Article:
We actually do go to the same school. The psych syllabus for us is like the Harry Potter of syllabi, not painful at all and slightly enjoyable. In regard to the racism thing, maybe we remember it differently, but to me, the fact that the lecturer would even entertain the notion of racism being a disorder pushed me away... I just started imaging a bunch of old men arguing over what should and should be considered a disorder in the DSM. Same thing with medicalizing (almost victimizing) substance use (why of course as doctors we have to treat anything and everything that comes our way, bring in the crackheads/alcoholics!)...seems to be little room left for responsibility on behalf of the patient (although I'm not saying cases of SUD aren't worthy of meds/treatment). In regard to psychiatry labeling not "normal" behaviors as disorders...sure there are real psychiatric disorders worthy of medication but I'm not comfortable with an institution telling us what's deviant and what's not, especially when that view seems to fluctuate by the decade.

    I already said in my OP that I think pharmacotherapy has a place and has helped many people...like the psychotic patient you mentioned. However, there's, let's say, a disorder like ADHD, variants of normal...and then a whole bunch of gray area in between. My issue is with meds being prescribed when the patient may be/is probably better off without it or doesn't need it at all.
     
  46. Frazier

    Frazier turtle in a rabbit race Lifetime Donor 7+ Year Member

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    Haha, I can certainly believe that. Blowing through lectures in fast forward -- sometimes emphasis is lost. So perhaps what appeared to be as a brief aside to me was more of a focus for others in the class.

    About the second point, it is a real issue that a lot of people seem to be uncomfortable with... solace to a small degree hopefully to know you aren't alone. Critical thinking and "questioning how/why things are the way they are" in healthcare settings is a great quality to have, IMO, so I think you are doing a good job.
     
    Last edited: 05.21.14
  47. NickNaylor

    NickNaylor Daisy the Dog Lifetime Donor 7+ Year Member

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    Well... duh. If it were that easy, don't you think we wouldn't have this problem in the first place? Only in the fantasy land of MS1 are the scenarios clear and the indications for treatment black and white. This is doubly true in psychiatry. I'm not sure how that damns the whole field as you seem to imply.
     
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  48. DermViser

    DermViser 5+ Year Member

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    Wait, you mean medicine isn't like an NBME/USMLE exam question? I always felt like I saved patients by answering the clinical vignette questions correctly. I was more mad that I couldn't bill for those clinical vignettes.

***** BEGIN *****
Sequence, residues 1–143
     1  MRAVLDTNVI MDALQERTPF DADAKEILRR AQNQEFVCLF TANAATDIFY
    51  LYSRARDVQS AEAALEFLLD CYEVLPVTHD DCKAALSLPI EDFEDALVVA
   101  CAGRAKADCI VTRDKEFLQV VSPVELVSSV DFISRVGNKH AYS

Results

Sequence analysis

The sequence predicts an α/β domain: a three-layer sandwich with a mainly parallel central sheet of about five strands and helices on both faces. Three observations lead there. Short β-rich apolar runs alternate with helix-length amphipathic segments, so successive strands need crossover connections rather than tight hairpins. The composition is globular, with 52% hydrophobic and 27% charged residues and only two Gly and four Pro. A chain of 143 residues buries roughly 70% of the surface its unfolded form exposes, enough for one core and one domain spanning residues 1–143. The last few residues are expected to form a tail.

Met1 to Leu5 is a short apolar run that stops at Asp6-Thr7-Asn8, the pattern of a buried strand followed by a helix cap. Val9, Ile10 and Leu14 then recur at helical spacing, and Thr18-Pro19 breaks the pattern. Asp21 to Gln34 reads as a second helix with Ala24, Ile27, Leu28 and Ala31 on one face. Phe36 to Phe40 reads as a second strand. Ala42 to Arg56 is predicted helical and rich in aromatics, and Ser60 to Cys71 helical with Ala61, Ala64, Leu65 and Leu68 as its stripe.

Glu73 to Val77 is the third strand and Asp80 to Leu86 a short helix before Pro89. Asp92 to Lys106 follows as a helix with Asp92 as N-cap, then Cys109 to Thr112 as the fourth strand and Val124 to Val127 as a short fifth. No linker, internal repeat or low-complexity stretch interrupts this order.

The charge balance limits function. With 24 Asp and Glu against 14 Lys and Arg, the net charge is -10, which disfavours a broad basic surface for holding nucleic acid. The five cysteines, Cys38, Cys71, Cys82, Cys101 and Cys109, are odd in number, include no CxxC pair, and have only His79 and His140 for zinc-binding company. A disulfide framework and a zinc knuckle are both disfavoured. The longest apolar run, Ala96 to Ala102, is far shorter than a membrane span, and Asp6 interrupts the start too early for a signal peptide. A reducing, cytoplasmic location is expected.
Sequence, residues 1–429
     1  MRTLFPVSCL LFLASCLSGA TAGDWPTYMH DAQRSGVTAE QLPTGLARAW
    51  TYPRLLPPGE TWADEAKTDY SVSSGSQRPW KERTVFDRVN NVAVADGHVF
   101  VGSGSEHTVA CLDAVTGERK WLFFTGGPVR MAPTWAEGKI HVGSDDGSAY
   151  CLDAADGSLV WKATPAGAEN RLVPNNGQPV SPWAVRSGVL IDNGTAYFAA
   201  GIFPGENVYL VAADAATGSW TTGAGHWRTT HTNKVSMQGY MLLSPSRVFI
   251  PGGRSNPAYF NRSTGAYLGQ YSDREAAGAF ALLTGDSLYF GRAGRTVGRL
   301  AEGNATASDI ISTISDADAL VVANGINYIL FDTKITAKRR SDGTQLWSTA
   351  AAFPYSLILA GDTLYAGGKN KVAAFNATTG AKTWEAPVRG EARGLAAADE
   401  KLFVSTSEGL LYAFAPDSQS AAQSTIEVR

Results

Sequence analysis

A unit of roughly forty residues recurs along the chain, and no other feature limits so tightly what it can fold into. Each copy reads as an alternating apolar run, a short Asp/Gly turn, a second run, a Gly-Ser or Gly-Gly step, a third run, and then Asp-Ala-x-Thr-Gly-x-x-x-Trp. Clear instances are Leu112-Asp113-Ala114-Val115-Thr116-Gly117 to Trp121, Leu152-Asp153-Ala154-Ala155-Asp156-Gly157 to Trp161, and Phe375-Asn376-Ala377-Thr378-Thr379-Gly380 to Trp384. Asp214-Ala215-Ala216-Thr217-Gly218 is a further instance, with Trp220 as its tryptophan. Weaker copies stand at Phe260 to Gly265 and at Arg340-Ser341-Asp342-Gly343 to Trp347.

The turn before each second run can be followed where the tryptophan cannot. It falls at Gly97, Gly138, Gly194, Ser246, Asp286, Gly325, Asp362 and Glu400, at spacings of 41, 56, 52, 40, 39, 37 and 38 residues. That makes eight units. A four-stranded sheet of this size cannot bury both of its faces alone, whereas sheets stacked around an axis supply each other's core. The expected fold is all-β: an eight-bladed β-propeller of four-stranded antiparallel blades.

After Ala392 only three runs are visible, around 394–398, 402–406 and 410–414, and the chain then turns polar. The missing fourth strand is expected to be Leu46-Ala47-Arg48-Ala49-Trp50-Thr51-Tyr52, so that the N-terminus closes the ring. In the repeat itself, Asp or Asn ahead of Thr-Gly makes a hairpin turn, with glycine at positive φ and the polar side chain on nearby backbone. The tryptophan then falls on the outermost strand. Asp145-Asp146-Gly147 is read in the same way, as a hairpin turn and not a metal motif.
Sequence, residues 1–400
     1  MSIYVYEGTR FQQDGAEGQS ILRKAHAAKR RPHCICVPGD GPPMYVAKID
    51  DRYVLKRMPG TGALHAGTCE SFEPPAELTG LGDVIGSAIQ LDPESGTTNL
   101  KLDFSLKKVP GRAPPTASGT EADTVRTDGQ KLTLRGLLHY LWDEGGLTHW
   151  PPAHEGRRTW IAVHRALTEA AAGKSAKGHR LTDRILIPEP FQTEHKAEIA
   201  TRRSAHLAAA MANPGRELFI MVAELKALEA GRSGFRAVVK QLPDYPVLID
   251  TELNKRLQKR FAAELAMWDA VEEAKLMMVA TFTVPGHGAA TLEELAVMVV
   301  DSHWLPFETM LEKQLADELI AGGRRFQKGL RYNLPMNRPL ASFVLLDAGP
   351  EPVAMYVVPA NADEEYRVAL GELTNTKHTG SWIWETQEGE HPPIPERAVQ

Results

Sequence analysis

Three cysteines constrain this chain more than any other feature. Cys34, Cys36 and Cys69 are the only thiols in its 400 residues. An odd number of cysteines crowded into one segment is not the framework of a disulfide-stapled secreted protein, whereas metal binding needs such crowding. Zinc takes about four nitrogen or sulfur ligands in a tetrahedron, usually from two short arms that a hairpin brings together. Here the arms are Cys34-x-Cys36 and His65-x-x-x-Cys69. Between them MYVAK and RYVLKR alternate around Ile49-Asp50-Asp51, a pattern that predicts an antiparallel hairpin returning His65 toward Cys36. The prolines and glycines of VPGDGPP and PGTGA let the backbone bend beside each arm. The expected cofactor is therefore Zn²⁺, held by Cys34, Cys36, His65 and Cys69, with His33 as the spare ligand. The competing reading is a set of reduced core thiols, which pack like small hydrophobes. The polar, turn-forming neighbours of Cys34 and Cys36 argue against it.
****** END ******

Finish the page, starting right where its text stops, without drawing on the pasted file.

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  49. NickNaylor

    NickNaylor Daisy the Dog Lifetime Donor 7+ Year Member

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    "Sorry that your husband died, but we followed the treatment that gets us the right answers on multiple choice exams to the T."
     
  50. Nasrudin

    Nasrudin Apropos of Nothing 10+ Year Member

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    Again, exercise and diet modification are better than statins and anti-hypertensives and yet psychiatry is prosecuted for its pharmacotherapy whereas with other fields it is not. So the why in this selective bias is just as good a starting point as what are the problems with the use of the DSM.

    Additionally it is one thing to hear about the underuse of psychotherapy from a skilled clinical psychologist. It's quite another to hear of it's lamented neglect from people who don't know a f'n thing about what it is, how it's used effectively, what the problems are with deploying it widely, or even what it is useful for, and what forms of it are in fact useful for this or that.

    So...what you have is vague unease with psychiatry and mental illness...filtered through the neurotic mind of medical students...who have no intention of doing anything for the mentally ill except likely neglecting them when on their service because they think their problems are fake. Who then want to be taken seriously and treated as if they have something interesting or original to say on the matter when they talk about over medication and over diagnoses. Toddlering their way past the fact that most of these diagnoses are made by PCP's and often what the psych does is counteract that.

    But it's ok to be a toddler and throw poop at psychiatry. Because it's not a real field like medicine or surgery.
     
    Last edited: 05.21.14
  51. DermViser

    DermViser 5+ Year Member

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    I planned on bringing in a respresentative from the NBME, Kaplan, USMLEWorld, Lippincott Williams and Wilkins, and McGraw-Hill, as character witnesses in my first malpractice lawsuit. I'm sure patients will understand that I was just following the flow chart algorithm. I'll just explain that I can't understand why things went so wrong. I mean, it went absolutely fine when I did the same on USMLE Step 3 CCS.